Turning the corner, the man nearly walked into me. He was unaware of my presence because he had his phone held up in front of his face and was having a conversation with a person whose face appeared on the screen. Can people no longer conduct a telephone conversation without needing to be seen?
The improvement of mobile networks seems to have meant that it has been possible for the constant sharing of selfies to be superseded by the constant sharing of video of oneself.
Incurvatus in se is the way Augustine of Hippo or Martin Luther would have described it, to be turned in on oneself. It was a theological term, connected with the human propensity to sinfulness.
Presumably there are sociological or psychological terms that would describe the condition for a secular world, and, presumably, those to whom the term might be applicable would reject any such appellation.
There is an impoverishment of the spirit, in turning upon themselves, people have become blind to the world around them, and certainly blind to pedestrians who are peacefully walking down the street.
Incurvatus in se, those who lived in times past when Classics still had a place on the curriculum would call it narcissisism.
Being someone who some years ago was forced to Google the meaning of the word, it is easy to understand why people would use a word derived from an ancient Greek legend.
The story goes thus:
Narcissus was a handsome young man who arrogantly shunned all the girls who approached him. One girl in particular tried to attract his attention, but, try as she might, he ignored her. She prayed to a goddess that Narcissus would return her love, but her prayers did not work, so, in desperation, she prayed Narcissus would learn what it was like to love someone without the return of that love. The goddess heard her prayers and granted her wish.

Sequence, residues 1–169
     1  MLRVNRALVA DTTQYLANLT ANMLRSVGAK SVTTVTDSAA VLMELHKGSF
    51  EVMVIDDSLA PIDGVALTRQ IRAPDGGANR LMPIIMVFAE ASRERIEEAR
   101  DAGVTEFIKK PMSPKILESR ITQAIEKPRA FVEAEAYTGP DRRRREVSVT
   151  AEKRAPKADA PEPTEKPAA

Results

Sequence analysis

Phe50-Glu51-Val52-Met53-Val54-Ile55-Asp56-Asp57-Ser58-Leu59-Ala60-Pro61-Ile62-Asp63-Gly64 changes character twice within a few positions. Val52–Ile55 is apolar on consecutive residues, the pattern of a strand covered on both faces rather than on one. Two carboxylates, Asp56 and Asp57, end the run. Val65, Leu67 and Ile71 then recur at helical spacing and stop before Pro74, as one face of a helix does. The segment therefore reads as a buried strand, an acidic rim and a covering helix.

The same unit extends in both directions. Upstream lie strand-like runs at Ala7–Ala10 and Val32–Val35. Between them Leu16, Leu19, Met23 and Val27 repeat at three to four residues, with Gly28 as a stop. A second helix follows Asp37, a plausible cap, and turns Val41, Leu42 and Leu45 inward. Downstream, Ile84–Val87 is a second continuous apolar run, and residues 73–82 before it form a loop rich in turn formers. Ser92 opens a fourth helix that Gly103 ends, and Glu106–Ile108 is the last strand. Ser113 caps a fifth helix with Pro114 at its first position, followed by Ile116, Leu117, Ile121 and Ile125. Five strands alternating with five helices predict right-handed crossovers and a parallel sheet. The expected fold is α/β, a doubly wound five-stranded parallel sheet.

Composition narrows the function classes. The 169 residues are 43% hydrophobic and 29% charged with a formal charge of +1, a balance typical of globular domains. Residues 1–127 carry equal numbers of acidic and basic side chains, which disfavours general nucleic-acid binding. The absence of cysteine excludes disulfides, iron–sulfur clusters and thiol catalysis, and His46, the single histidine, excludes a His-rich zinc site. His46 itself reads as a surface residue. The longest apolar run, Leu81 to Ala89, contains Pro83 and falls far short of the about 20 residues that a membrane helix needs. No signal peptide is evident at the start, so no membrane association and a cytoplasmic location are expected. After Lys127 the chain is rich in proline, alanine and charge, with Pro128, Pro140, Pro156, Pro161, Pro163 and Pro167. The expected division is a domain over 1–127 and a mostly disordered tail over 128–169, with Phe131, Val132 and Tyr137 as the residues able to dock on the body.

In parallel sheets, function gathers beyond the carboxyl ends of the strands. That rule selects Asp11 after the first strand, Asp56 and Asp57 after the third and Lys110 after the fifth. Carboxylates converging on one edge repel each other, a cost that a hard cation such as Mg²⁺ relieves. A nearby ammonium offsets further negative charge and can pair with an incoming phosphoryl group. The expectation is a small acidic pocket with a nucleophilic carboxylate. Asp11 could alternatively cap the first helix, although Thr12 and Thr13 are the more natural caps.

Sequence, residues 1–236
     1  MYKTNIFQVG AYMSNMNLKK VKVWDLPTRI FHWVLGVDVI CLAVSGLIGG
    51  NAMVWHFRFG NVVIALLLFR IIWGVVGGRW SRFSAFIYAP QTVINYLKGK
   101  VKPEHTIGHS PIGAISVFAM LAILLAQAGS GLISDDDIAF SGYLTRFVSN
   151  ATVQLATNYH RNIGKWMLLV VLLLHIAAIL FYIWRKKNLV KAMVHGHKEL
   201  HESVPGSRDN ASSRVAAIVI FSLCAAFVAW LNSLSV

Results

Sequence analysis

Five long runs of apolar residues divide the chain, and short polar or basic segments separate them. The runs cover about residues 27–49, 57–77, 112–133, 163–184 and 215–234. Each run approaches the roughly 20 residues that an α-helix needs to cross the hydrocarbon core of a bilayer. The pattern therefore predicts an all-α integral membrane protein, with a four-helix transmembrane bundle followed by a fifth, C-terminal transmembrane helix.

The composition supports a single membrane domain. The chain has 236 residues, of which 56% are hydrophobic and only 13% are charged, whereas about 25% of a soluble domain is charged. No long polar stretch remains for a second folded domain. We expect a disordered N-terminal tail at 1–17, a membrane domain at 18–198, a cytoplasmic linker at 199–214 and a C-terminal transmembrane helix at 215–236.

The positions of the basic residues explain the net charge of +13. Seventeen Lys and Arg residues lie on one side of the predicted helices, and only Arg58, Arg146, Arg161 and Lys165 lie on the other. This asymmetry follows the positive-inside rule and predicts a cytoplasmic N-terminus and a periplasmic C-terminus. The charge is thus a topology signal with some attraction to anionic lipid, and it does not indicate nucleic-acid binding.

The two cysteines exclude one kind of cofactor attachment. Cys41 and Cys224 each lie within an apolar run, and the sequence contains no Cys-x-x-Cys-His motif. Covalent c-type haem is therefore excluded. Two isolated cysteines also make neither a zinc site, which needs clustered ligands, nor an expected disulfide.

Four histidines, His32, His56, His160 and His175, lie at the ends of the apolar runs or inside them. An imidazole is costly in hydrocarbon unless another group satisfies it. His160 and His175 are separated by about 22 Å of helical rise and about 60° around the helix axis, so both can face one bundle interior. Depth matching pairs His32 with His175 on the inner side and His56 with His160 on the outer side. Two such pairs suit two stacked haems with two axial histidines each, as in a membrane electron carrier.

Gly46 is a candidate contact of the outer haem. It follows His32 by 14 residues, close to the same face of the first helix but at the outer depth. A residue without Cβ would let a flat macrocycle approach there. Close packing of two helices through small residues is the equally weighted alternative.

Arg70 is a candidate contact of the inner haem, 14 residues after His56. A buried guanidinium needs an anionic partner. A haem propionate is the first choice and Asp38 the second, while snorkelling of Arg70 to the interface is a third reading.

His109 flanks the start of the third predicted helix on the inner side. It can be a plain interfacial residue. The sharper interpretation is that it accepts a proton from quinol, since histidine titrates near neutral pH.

In the forest where he lived, there was a quiet fountain and one day Narcissus went there to drink. He was surprised by a lovely sight, a beautiful image in the clear pool. It was his own reflection, but Narcissus thought it was some handsome spirit peering from the fountain.
Narcissus had never seen such a lovely creature; he immediately fell in love with himself. He moved closer to try to embrace the image, yet every time he tried to grab it, it fled away. Narcissus was so captivated that he could not bring himself to leave the pool, and he lost all desire for food and drink.
Narcissus began to talk to the image. Why did it try to escape him? Everyone else in the forest thought he was very beautiful. He remained at the pool, pining away over the image and his health and beauty faded away. Finally, he died staring at the image in the fountain, striving to embrace his one object of desire: himself.
Narcissism is an ultimately self-destructive condition. Whether it is described as incurvatus in se or selfieism, it impoverishes lives – but Saint Augustine might have told us such things.